A new home owner has a reasonable expectation of entering into a house that is free of egregious defects. Unfortunately, such defects occur from time to time.
A construction defect can be the result of shoddy workmanship, inferior materials, poor engineering or architectural planning, or it can be the result of a natural phenomenon such as heavy rain or high winds.
Some defects are apparent at first sight while other may take years to come to the fore.
Some of the most common defects
Some of the most common defects include:
- Water damage
- Improper drainage
- Dry rot
- Improper electrical or plumbing installation
- Foundation and floor cracks
- Leaky roofs
When a case involving defects goes to court, the amount of damages usually includes the cost to repair the defect and the decline in value of the home because of the defect. Other costs that me be added on include the cost of temporary housing, court costs and attorney’s fees, as well as recovery for any injuries. In some rare cases, punitive damages may be considered.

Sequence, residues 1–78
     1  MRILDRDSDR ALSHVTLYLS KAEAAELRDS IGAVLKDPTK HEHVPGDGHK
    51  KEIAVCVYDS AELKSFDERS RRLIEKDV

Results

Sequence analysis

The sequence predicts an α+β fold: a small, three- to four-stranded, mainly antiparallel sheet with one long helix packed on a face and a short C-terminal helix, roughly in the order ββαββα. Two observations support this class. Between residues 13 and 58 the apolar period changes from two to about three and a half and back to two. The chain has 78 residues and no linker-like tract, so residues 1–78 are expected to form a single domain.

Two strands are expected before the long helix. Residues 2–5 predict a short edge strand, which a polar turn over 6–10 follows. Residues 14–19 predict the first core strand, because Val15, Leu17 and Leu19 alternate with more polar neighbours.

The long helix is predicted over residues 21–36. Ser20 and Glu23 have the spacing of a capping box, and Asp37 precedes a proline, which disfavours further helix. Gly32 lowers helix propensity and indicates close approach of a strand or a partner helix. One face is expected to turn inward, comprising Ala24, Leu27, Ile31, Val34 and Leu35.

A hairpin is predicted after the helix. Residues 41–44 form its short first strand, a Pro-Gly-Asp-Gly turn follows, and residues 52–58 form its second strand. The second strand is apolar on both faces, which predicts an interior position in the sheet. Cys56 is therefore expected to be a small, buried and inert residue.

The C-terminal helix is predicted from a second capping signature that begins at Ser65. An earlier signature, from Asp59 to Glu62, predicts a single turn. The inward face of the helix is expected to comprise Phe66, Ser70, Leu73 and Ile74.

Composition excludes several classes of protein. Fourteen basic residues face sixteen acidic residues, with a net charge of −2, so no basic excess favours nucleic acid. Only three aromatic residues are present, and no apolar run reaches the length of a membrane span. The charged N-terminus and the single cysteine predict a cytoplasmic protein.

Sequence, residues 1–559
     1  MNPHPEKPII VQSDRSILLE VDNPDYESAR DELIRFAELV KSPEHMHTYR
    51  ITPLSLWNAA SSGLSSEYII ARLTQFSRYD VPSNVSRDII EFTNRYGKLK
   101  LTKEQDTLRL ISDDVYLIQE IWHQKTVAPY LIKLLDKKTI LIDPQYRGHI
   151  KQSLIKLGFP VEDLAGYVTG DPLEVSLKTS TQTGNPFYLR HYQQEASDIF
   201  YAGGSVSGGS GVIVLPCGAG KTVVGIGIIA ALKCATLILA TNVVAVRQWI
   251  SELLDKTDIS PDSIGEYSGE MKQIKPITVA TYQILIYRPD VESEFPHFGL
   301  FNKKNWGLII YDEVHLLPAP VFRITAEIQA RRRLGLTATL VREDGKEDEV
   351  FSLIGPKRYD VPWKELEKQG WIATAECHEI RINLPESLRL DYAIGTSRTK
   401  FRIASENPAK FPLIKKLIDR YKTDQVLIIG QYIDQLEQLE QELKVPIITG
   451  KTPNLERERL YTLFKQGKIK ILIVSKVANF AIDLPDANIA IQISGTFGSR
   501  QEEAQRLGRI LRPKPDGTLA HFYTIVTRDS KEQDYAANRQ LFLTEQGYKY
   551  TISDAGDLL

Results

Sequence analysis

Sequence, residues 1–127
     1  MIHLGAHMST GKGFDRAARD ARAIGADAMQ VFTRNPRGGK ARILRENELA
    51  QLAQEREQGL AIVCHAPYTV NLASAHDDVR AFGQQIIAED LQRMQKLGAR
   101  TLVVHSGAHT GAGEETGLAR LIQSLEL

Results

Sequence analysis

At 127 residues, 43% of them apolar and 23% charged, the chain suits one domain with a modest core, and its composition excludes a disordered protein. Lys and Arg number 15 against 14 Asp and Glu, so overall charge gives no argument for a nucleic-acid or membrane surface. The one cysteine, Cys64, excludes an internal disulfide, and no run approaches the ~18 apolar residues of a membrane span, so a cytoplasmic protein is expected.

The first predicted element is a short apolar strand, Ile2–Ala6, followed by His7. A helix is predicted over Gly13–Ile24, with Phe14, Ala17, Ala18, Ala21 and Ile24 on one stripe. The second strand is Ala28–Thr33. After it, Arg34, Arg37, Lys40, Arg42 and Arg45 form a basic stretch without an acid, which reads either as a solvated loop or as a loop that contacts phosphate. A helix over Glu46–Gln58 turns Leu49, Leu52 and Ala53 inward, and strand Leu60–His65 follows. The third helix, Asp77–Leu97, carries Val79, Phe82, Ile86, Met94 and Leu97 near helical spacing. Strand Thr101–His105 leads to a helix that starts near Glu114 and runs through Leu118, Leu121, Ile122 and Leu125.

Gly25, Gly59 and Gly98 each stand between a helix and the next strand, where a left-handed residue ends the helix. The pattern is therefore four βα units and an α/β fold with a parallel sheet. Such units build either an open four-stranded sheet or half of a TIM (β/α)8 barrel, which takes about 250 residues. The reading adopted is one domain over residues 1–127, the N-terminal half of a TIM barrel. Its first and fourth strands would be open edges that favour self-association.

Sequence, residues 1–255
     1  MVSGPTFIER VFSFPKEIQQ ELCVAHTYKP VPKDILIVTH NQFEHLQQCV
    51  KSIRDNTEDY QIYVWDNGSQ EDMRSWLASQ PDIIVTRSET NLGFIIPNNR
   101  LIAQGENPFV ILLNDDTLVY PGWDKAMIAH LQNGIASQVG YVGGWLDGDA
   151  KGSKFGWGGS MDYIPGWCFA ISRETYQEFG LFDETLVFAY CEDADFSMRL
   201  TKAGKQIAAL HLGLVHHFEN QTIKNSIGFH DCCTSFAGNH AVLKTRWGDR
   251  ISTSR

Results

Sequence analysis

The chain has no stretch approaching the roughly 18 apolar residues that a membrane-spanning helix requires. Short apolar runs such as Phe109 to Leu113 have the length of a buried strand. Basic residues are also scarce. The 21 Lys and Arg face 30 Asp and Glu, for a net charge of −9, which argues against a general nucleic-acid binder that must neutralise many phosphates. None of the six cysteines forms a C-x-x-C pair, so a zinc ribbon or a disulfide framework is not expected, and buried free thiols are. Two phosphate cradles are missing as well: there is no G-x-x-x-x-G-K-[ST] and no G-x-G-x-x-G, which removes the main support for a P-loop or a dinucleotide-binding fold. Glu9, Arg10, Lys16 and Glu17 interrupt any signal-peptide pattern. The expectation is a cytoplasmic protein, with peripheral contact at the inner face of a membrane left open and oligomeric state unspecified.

Time limits on lawsuits vary by state
The amount of time between construction and when a lawsuit can be filed is determined by each state’s legislature and revolves around a variety of issues. Chief among the issues is whether the defect is patent – easily noticeable – or latent – not obvious to a reasonable person.
Claims against architects, engineers, contractors and subcontractors vary between the states and involve theories including breach of warranty, contract disputes and tort claims.
States have different statutes of limitations that determine the amount of time a claim can be filed after discovery of the defect, and statutes of repose that determine the amount of time between construction and when a claim can be filed.
Some states feature a “right to cure” statute in which the construction firm responsible for a defect has the ability to fix the defect or pay for the problem before a lawsuit is filed.